Phishing for Shellshock

Written on:October 10, 2014
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I thought I was done writing about Shellshock, but a recent discussion with some colleagues got me back on the topic. We were commenting about how organizations tend to react very quickly to patching external assets for a bug like Shellshock but many probably wait to patch internal assets due to a false sense of security. It got me thinking about how an external actor could exploit a bug like Shellshock on internal systems and one of the first things that came to mind was a JavaScript-based phishing attack.

The PoC Exploit

I figured one of the easiest methods of probing an internal network for vulnerable assets is to get the organization’s employees to do it for you.The idea is simple…host a malicious page with JavaScript that when visited, will initiate a series of web requests on the user’s internal network that include a crafted HTTP header to trigger the Shellshock vuln. I wrote a very basic proof of concept below:

All the script does is force the client to make multiple GET requests to a pre-defined range of non-routable/internal IP addresses. These GET requests are sent via AJAX with modified Accept and Accept-Language headers to create a simple reverse shell back to a waiting external IP address. The use of these particular headers over other, more-commonly used headers such as User-Agent and Cookie was necessary due to the restrictions of XMLHTTPRequest. However, in my testing it was still successful, depending of course on the configuration of the target web application (e.g. CGI script that sets env variables for multiple headers). Don’t forget, non-CGI PHP scripts can also be vulnerable so this simple scan would would not target those.

The JavaScript parses the URL for some configuration parameters — namely the IP addresses to scan and the external callback IP address. Here’s an example URL:


The first parameter (s) is the internal IP at which to start scanning. Params e3 and e4 are the ending values for the third and fourth octet of the starting IP. With the above example URL, the script will make an HTTP request to Then it will make a request to, etc until it reaches I could have been more granular and chose to modify all octets but this was only intended as a simple PoC. The last parameter (d) is the callback IP and port to which the remote shell will connect. Obviously the example is an invalid value but you get the idea.

Within the content of the JavaScript I also included a urlArray that contains various paths to try on each target internal IP. This could be useful if you wanted to attempt several common cgi script names, or if you knew of vulnerable technologies deployed by the organization on its internal network (but didn’t know the specific internal IP address).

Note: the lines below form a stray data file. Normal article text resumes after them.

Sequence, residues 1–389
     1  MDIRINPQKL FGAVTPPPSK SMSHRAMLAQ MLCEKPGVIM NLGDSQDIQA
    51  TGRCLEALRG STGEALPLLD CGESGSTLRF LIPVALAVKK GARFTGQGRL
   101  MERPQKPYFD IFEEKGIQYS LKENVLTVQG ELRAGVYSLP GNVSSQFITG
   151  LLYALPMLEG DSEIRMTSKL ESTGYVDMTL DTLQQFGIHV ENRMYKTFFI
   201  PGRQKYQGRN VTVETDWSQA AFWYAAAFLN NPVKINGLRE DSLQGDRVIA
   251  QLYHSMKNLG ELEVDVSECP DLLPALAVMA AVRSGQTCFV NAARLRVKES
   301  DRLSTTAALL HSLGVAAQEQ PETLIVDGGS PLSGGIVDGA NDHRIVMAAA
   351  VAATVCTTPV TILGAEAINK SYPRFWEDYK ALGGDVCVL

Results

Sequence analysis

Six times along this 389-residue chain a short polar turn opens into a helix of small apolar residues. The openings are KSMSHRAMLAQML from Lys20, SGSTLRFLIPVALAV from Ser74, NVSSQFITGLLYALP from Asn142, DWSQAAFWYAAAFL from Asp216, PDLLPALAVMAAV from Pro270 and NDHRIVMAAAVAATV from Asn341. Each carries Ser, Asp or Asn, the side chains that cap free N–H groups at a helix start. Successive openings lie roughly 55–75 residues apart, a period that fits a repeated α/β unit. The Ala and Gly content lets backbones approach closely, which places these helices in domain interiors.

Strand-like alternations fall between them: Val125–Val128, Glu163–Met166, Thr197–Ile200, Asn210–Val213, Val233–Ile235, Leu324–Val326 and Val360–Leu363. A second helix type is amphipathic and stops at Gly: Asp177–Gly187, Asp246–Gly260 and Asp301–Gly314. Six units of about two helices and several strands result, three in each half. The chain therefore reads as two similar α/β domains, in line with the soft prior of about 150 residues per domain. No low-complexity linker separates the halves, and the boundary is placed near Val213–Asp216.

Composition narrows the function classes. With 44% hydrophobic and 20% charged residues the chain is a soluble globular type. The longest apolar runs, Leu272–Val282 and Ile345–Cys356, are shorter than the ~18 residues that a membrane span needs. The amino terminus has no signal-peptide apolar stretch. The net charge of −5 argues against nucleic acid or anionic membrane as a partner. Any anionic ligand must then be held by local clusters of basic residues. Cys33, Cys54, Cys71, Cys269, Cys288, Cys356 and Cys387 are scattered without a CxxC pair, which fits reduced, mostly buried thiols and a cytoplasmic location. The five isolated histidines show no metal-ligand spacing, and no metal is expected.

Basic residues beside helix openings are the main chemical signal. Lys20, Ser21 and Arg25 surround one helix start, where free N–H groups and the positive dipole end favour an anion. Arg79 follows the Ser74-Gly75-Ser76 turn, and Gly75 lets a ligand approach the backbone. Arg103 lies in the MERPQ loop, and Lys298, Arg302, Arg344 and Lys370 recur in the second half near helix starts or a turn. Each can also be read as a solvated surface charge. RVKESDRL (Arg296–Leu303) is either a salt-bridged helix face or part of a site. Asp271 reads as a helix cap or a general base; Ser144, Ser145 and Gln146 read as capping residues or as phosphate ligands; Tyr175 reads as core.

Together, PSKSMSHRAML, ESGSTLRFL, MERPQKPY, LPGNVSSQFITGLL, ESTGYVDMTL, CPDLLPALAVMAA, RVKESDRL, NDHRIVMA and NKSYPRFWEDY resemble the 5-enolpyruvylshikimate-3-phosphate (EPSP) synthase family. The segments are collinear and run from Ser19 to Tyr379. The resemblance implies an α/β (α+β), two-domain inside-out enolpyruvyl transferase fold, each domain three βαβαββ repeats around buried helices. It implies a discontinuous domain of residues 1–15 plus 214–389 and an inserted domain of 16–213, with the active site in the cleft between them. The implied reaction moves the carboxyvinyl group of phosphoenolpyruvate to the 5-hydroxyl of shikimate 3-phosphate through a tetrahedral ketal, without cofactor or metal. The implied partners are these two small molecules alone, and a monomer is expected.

The beauty of this attack method is that (other than the available headers from which to choose) CORS is not a factor here. Below you can see that the scan does trigger a warning.


However, this makes no difference to us as the “attacker”  because we don’t need to see the response from the request made by the client. We simply need to force the client to make the request and sit back and wait for a vulnerable internal server to initiate the call back to us. In fact, CORS browser settings did not have an effect on my testing:


Here’s another view of the phished client making the requests, first to the “malicious”, external page (184.X.X.X) and then to the internal assets (172.X.X.X):


Since it’s the internal server that will be initiating the subsequent call out (with the remote shell), it is less likely that it would be blocked by an IPS or Firewall. This demo only illustrates a simple piped shell, though there are better options for a more robust exploit method. Also, in this demo version, neither the url nor the JavaScript is obfuscated.

Just like the external mass scans, the success of an attack like this will vary, even on an unpatched network. Obviously, likelihood goes up if you can be sure about the internal IP address space. There are several ways you could do this via passive and active reconnaissance. I won’t go into all of those here (I cover some passive recon techniques in this post), but I will cover one interesting method I saw the other day in a DerbyCon video by Nate Power in which he shows how to obtain the IP address of the internal interface of an organizations OWA server by a crafted request using openssl s_client. I validated this works very well:


Once you have your target internal IP range, you just have to get one or more organizational users to visit your malicious page. That’s where the phishing component comes in. It usually doesn’t take much…a crafted email with the link is pretty much all you need. Maybe throw in an insecure Google redirector for good measure 🙂